"I don't know if it will happen for sure, but at some point in time it is going to," Patrick said. "There are so many things to juggle. It's not as easy as saying, 'I want to race here,' because there are team situations, scheduling situations, sponsor situations, exhaustion situations. There are so many things that go into it. You get exhausted and sometimes taking a step back is better than taking a step forward.
"I know I will be back at Indy at some point but whether it is next year or the year after or the year after [that], I'm not sure."
Patrick had to say goodbye to her IndyCar crew over the weekend and admitted that was going to be difficult. She had some strong bonds with them during her time with the team.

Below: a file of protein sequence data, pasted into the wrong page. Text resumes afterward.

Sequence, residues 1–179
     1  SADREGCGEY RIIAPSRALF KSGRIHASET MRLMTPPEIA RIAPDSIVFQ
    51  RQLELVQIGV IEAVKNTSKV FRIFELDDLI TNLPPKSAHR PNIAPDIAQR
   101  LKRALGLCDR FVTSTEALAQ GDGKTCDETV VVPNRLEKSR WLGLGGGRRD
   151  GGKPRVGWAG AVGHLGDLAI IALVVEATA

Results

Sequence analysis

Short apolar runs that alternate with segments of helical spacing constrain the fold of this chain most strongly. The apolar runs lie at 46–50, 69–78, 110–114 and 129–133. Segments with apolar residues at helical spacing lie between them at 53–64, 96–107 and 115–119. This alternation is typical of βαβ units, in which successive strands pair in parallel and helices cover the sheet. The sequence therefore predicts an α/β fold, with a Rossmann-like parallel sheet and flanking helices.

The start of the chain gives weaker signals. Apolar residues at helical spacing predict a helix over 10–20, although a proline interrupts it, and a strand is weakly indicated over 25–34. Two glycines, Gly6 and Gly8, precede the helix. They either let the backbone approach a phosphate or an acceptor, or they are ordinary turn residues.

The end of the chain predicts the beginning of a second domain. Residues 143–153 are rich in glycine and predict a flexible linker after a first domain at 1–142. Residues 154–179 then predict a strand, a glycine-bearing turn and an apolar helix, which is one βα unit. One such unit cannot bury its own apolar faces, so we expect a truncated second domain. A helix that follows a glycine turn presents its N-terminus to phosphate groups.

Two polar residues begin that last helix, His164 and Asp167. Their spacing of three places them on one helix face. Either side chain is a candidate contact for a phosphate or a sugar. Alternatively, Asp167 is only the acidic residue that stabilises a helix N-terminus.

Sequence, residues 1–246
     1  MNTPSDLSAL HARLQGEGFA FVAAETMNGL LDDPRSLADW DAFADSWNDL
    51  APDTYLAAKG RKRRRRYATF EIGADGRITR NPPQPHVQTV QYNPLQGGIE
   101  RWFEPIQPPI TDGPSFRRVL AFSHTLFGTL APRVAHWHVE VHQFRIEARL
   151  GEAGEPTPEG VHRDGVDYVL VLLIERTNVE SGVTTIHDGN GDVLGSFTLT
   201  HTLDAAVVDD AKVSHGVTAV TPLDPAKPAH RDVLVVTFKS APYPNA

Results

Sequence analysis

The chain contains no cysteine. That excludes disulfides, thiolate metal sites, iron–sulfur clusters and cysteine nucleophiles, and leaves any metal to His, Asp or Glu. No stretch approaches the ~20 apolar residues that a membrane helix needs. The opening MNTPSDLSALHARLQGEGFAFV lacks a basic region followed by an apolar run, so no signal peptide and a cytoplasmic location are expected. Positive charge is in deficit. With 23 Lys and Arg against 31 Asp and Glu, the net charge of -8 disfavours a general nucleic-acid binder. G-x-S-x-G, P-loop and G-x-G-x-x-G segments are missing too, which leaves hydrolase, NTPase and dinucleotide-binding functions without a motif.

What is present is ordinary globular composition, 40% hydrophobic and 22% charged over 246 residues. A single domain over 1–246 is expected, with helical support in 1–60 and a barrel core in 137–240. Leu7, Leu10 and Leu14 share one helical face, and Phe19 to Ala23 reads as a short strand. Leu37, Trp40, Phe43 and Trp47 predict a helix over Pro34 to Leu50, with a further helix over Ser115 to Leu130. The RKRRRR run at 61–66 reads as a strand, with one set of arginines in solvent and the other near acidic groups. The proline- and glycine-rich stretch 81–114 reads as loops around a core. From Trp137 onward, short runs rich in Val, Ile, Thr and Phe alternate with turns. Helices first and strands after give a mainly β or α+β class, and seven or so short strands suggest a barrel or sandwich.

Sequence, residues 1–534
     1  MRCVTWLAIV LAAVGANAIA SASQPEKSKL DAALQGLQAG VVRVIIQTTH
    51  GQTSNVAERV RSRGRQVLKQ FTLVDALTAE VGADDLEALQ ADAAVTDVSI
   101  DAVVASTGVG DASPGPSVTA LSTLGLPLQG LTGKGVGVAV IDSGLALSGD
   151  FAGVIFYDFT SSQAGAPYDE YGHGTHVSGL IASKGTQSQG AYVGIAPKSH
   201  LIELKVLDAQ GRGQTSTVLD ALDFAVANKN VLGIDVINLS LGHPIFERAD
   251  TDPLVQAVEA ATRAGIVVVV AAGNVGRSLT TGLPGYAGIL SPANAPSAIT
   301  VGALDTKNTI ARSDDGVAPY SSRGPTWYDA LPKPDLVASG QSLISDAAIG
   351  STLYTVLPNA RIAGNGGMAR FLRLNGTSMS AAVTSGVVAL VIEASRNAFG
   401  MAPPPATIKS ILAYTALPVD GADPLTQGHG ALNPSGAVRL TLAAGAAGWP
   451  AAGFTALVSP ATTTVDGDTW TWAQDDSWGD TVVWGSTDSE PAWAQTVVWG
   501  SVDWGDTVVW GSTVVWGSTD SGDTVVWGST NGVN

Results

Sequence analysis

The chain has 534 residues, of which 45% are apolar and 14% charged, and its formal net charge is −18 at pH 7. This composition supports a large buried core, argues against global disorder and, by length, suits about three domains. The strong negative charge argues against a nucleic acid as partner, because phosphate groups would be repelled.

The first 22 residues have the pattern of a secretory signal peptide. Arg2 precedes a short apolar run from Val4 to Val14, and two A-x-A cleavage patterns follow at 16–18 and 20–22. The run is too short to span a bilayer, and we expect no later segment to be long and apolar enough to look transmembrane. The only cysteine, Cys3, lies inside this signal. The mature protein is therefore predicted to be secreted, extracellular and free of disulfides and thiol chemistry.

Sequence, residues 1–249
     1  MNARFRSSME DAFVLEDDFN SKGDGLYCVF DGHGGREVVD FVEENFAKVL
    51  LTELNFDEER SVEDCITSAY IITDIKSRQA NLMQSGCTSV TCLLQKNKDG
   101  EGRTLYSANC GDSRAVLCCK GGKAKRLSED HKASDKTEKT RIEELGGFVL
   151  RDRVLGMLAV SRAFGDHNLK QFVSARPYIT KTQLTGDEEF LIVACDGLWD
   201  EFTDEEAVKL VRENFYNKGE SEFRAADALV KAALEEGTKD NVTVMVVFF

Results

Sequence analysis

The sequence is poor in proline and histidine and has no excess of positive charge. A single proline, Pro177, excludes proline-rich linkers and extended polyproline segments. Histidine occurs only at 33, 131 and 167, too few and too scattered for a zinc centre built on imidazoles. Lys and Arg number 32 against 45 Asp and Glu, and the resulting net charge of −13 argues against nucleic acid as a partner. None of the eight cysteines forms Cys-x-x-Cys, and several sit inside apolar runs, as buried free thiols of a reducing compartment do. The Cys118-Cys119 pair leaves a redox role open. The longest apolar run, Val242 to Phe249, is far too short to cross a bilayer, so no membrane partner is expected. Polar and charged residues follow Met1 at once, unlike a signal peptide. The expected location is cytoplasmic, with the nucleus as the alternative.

"These are guys that I've been with now the whole time at Andretti," she said. "I'm going to miss them. But some of them have already come to watch me in NASCAR. As time evolves you realize who really believes in you as a person and are not just there for the job. So many of my guys believe in me and they are happy for me. They are looking forward to watching me. They text me on the weekends when I'm at a NASCAR race. It's not the last time I'll see any of them."
Like most professional athletes who leave a team and move on, Patrick has to clean out her locker before her departure.
"I do have a locker to clean out and I've been slowly cleaning it out the last few races," Patrick said. "I'm going to load it all up here because it's closer to Scottsdale, Ariz. We'll load up a big box of my stuff and that's it.
"I have some signed gloves from Andre Ethier of the Los Angeles Dodgers and, as a girl, I probably have bras. I don't think too many drivers in the series have that."
There is no doubt that Patrick's focus will help her improve in NASCAR. The fact that she is able to now go full speed ahead should make that happen even quicker.